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Thursday, March 17, 2011
More QBs, notes and nuggets at Mizzou

By David Ubben

COLUMBIA, Mo. -- I hope you've enjoyed our coverage from Mizzou the past few days. If you aren't one of my most faithful readers, here's a refresher.
But not everything fit neatly into those stories. I've got plenty more on the Tigers from my visit to Columbia.

James Franklin
James Franklin may need to be more assertive if he wants to become a leader on offense.
Quarterbacks are the focus of spring for the Tigers, but there's no doubt, it's going to be a bit of an adjustment if James Franklin wins the job. That's no guarantee, and Tyler Gabbert has come on strong this spring, but Franklin is just a completely different type of person than the fiery Chase Daniel or uber-competitive Blaine Gabbert. Not that it's necessarily a bad thing. Offensive coordinator David Yost told me he wants each new quarterback doing things his own way, and that includes his demeanor and actions off the field.

"Blaine and Chase were different, and Blaine did a good job of not just copying Chase. He took what Chase did and tried to make it fit him and how he dealt with players, getting himself ready to play," Yost said.

Franklin will have to do something similar. Tyler Gabbert, who has come on strong of late in practices, is a much more heated competitor. "Sometimes you have to calm him down because he gets very, very 'on,'" Yost said. "He wants to make every throw. It’s great to have that, but you can’t let that affect the next play, so he’s kind of learning that."

Franklin is a much more easy-going type of guy. He's nowhere near as outspoken. It'll just be different. I believe it was Rene Descartes who said, "Different strokes for different folks." Seems to fit this scenario.

"I’m not too vocal as a quarterback. As a person, I talk a lot, but once I come on the field, I’m not as vocal. It’s something I hadn’t really done in the past, so it’s something I need to adjust to," Franklin said.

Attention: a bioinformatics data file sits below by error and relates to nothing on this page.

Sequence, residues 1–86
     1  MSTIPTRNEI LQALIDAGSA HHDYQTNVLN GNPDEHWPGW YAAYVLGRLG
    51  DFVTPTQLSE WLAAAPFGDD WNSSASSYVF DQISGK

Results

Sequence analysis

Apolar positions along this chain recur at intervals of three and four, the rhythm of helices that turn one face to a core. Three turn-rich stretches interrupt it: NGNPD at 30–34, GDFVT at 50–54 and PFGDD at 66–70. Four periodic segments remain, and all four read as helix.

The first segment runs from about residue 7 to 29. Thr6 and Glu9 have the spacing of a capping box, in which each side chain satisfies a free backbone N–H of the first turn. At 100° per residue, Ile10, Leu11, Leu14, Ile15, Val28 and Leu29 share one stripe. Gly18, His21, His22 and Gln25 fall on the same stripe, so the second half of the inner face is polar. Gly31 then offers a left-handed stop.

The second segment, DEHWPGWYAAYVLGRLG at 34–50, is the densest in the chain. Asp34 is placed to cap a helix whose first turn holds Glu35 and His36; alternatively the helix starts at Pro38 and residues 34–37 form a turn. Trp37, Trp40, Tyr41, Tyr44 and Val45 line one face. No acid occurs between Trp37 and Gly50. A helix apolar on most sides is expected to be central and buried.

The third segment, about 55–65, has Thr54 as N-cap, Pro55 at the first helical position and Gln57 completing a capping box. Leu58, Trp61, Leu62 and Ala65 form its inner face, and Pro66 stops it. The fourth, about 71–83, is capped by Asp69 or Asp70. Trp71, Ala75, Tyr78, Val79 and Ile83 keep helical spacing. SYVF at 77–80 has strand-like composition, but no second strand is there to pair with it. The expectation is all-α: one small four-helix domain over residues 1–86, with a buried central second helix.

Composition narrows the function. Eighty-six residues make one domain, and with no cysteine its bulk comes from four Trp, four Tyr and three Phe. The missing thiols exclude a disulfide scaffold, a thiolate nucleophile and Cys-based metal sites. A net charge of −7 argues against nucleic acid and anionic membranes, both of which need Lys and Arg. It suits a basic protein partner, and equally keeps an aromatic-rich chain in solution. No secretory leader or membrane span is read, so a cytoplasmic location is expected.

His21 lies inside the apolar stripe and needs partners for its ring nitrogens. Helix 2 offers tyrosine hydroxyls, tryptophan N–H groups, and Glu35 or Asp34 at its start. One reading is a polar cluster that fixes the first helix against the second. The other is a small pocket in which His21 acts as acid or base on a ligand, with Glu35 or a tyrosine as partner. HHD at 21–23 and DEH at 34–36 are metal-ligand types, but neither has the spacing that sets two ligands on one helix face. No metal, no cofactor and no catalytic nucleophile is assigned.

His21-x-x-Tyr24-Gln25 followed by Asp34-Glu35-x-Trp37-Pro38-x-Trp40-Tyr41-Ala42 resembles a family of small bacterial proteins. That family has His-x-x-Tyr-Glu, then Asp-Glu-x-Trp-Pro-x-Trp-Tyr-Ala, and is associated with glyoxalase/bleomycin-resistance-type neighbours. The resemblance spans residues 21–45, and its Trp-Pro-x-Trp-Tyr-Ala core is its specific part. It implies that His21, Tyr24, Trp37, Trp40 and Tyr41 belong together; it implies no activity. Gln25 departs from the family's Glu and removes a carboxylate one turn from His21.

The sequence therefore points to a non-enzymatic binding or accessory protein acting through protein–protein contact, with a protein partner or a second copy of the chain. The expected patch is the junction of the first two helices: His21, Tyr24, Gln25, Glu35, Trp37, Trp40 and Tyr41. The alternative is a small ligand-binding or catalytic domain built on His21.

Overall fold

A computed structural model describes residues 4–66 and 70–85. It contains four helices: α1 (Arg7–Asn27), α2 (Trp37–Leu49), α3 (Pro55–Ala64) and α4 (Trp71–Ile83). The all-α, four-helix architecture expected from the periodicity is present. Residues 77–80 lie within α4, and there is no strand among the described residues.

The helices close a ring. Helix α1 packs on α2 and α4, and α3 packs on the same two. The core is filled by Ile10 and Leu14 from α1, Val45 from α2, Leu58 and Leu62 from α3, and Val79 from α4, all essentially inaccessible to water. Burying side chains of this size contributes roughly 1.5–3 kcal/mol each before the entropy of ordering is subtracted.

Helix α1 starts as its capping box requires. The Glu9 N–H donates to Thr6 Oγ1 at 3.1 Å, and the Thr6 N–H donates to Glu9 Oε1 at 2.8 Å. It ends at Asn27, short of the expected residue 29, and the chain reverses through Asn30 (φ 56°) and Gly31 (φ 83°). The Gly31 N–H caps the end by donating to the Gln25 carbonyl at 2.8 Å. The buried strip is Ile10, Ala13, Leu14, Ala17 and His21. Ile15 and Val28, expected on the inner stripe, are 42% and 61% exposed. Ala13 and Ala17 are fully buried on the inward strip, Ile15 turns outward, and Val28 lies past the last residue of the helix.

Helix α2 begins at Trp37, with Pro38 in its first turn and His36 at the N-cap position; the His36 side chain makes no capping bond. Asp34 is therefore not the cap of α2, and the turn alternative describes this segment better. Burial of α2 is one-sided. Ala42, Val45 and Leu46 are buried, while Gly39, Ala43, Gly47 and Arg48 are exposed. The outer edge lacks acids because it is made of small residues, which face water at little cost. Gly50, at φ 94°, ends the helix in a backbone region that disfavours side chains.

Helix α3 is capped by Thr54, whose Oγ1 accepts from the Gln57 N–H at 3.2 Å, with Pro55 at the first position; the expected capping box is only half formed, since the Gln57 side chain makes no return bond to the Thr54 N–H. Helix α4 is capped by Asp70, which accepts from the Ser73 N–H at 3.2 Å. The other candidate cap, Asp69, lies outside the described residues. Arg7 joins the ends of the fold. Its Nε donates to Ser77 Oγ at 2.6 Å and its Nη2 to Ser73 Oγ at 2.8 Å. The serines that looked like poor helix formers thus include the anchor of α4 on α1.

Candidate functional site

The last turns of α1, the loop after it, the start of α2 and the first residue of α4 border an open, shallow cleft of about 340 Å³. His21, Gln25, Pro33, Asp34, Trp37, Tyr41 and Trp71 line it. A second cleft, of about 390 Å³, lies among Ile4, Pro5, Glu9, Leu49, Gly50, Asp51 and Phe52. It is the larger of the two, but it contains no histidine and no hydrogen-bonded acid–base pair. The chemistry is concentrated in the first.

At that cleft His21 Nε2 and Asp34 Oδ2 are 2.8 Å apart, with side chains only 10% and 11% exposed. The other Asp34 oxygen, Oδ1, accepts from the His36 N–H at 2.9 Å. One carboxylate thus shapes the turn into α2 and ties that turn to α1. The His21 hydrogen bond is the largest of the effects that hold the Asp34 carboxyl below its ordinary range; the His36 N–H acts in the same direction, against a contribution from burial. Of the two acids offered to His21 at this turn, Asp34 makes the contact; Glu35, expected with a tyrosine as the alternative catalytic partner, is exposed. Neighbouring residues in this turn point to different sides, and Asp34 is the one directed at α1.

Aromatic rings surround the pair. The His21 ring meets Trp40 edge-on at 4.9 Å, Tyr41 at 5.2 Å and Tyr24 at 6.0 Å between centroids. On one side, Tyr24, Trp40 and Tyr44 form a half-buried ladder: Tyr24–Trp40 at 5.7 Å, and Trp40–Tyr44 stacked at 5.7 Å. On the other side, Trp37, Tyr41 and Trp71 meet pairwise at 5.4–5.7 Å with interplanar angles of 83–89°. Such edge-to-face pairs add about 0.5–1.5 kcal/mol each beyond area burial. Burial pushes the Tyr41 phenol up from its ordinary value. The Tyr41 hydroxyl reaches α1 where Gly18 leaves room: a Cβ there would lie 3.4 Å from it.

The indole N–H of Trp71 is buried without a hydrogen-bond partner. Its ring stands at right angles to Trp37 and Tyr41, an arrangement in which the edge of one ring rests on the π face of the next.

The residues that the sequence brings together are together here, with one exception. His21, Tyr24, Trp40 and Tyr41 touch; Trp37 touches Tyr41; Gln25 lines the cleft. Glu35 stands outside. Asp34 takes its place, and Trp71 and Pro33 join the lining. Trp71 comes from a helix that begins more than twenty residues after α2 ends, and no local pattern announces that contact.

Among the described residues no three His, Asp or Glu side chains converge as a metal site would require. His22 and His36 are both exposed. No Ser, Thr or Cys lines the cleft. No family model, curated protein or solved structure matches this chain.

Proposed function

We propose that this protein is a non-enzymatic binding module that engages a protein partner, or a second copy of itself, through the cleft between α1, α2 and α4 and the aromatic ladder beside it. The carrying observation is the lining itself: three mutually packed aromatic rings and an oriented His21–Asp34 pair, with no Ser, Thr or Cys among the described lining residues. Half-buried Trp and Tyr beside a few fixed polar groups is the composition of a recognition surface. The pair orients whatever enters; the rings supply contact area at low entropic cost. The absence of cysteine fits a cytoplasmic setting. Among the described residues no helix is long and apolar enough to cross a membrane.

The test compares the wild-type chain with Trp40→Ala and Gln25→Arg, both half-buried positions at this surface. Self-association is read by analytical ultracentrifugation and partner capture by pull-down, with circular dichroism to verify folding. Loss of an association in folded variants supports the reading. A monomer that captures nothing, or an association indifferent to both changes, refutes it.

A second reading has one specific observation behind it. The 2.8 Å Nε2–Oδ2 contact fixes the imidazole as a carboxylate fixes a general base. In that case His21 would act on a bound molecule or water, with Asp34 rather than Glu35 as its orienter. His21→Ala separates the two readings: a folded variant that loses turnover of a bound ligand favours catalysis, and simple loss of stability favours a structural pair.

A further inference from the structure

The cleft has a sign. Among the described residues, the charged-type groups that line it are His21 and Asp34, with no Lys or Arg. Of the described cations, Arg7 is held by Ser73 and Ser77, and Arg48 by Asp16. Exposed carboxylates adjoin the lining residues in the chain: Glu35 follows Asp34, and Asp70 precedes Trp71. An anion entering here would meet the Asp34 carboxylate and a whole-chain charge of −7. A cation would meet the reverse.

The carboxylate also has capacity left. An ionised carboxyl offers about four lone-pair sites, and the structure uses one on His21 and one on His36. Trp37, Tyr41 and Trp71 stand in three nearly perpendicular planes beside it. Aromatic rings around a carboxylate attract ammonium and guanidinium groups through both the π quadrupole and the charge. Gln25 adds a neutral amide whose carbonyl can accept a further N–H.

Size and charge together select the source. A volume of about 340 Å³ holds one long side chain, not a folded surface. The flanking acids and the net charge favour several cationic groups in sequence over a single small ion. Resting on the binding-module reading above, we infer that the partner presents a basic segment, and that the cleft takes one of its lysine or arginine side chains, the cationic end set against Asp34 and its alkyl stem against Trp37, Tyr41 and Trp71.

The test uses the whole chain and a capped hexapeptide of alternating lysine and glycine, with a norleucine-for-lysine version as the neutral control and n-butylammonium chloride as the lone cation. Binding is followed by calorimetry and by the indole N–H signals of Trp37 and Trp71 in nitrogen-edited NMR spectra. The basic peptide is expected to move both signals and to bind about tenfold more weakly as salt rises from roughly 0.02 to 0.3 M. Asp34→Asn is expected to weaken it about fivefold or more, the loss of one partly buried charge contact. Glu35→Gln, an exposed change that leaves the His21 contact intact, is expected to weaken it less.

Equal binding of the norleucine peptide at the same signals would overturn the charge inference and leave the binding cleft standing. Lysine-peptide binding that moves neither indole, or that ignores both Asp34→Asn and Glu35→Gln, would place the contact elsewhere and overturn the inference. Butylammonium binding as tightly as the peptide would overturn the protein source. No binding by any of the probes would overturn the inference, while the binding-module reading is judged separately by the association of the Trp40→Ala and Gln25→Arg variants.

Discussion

Coaches have told him that sometimes his silence, especially after negative plays, can come off as bad body language, so even if his head is clear, his actions have to communicate positive messages to teammates. Sometimes his quiet demeanor meant his teammates didn't even realize who had thrown them the ball in practice.

"They’d come back and say 'Hey, nice throw James' or 'Good call,' and I’m like, 'That wasn’t me, that was Ashton or that was Tyler," Franklin said. "To me, I’m thinking, 'How could they not know?' For one, I’m just a little bit taller and my skin is like 50 shades darker. But they’re just kind of in the zone, so if I’m more vocal and demanding of them, they kind of recognize 'hey, that was me.'"

The thing is, he has to do it naturally, and managing that balance will be a key for all three quarterbacks' development. Franklin can't just turn into an animated screamer overnight. That would only come off as disingenuous and be more counterproductive than anything.

"Being more vocal will help. Not only as a quarterback, but also as a person, because it should show you leadership and you demand things out of your offense.